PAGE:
But no punches or even loud voices were used to resolve the issue. It was resolved with a simple, civilized phone call. The coach remained a jerk and didn’t really apologize, but Caroline, as well as some of the other marginal players did see more time at various positions for the rest of the season and did just fine. As for me, when I think about this incident or occasionally see that coach around town I still feel rageful. My anger for that coach, maybe youth sports and the unfairness that my daughter wasn’t a better athlete is misdirected though, the real culprit in all of this is me. I could come up with a reasonable explanation for my lack of action, but could never find a way to excuse it. My little girl was humiliated and instead of protecting her and fighting for her I just stood there and let it happen without a peep, thus perpetuating the cycle of fear and humiliation I also endured as a kid. Beyond the diminished respect from Caroline, a further punishment is that I will never forget or forgive myself for my lack of action or my lack of courage.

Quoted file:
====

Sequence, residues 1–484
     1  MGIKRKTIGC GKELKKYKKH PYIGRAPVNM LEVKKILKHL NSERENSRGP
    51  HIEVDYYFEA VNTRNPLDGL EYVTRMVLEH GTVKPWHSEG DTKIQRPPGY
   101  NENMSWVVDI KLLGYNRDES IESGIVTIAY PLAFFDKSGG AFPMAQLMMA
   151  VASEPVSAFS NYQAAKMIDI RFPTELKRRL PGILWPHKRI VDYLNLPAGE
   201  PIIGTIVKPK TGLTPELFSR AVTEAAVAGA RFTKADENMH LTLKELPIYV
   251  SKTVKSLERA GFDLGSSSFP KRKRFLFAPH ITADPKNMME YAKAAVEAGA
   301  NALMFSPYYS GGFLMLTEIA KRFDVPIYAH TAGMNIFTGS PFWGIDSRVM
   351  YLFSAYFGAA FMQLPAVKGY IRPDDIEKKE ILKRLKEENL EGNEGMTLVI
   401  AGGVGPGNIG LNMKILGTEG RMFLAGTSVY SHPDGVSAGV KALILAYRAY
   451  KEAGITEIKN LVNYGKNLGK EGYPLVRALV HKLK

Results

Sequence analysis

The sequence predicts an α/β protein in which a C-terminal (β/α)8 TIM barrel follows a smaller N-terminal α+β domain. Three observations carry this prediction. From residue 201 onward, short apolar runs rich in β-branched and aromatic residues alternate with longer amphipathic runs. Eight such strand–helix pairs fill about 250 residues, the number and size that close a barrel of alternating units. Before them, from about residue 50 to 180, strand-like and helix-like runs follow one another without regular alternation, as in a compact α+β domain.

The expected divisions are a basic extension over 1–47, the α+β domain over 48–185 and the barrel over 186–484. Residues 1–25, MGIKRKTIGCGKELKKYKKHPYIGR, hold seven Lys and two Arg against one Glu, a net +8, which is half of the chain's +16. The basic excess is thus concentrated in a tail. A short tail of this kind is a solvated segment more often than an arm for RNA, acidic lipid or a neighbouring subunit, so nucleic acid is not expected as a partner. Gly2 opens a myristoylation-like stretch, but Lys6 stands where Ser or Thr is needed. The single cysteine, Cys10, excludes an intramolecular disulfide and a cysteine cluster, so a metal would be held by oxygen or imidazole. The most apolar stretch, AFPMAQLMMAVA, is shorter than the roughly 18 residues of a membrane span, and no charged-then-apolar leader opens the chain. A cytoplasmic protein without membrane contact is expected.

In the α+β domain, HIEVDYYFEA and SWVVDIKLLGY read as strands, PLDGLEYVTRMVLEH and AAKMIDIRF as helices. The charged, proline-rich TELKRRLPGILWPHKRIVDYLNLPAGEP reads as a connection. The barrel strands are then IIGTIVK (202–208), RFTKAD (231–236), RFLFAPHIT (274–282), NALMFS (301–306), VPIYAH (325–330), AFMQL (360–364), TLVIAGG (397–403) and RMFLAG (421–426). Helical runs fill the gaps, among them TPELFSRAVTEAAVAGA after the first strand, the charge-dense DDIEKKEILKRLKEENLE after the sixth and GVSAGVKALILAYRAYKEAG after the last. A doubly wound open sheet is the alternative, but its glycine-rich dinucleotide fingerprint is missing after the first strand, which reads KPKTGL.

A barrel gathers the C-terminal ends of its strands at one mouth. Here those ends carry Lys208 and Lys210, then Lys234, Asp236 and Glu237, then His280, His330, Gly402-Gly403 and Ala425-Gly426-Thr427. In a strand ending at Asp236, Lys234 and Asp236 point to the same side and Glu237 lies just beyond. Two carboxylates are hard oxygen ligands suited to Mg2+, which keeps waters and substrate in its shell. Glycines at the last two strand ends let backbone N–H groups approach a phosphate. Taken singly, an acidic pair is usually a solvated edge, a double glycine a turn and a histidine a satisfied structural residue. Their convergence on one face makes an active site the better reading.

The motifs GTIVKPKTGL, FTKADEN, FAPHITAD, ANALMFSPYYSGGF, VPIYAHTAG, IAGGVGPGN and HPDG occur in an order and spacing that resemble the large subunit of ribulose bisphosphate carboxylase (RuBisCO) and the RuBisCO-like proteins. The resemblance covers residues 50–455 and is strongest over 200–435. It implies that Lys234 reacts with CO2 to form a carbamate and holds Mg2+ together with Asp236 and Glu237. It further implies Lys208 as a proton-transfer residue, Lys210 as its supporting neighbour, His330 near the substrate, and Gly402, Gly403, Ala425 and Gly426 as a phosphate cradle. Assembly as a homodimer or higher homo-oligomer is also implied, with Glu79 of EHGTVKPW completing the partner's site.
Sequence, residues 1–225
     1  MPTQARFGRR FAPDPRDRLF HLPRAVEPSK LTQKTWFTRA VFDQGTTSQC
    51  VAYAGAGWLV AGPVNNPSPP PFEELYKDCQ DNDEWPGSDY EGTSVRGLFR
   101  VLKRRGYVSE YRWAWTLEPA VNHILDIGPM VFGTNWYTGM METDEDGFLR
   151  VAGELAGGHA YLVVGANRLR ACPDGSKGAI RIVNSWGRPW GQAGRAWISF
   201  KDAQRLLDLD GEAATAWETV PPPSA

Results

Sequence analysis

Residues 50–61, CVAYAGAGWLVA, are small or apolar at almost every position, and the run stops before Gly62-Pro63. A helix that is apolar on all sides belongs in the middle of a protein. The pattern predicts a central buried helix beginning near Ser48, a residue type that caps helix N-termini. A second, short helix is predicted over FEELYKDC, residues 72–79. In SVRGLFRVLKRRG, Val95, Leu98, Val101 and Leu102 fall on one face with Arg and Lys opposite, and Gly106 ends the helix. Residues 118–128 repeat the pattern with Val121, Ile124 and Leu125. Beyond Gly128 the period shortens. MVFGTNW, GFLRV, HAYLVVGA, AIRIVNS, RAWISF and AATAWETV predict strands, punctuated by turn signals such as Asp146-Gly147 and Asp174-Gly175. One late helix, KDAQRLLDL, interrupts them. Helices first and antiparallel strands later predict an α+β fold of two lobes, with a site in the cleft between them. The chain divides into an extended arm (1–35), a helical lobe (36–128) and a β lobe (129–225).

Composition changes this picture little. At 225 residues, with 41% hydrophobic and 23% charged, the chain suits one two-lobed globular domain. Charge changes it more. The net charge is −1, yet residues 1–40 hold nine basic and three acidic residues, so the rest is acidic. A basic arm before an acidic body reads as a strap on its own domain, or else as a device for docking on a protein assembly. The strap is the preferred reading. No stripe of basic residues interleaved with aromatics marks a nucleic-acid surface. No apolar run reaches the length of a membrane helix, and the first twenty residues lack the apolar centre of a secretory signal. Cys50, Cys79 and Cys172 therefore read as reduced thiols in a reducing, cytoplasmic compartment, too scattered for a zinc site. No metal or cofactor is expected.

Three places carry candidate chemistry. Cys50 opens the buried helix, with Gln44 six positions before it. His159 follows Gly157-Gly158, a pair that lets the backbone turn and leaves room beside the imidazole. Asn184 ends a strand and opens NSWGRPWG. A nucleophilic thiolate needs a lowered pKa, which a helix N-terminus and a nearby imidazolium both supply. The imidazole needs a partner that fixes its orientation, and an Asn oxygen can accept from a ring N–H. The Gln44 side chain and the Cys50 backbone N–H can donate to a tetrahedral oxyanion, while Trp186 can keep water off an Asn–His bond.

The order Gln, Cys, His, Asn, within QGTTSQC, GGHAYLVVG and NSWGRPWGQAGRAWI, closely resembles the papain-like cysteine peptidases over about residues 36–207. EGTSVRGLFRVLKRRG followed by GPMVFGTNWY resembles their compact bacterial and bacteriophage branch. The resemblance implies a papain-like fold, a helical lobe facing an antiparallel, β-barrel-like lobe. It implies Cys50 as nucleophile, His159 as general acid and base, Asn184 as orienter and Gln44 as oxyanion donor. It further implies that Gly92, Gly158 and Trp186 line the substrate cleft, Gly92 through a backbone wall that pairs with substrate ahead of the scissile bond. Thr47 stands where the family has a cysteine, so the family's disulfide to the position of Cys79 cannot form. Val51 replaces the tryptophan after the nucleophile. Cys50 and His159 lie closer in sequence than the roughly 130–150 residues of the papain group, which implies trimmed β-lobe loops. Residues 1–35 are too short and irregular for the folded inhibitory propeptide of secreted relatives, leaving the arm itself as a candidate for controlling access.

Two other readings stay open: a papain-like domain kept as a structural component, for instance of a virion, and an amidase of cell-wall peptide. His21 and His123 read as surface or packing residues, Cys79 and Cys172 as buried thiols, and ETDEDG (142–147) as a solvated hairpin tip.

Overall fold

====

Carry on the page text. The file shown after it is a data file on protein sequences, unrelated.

And that’s what comes to mind when prompt #299 asks: have you ever spoken up when you saw something going on that was wrong.

1 comment: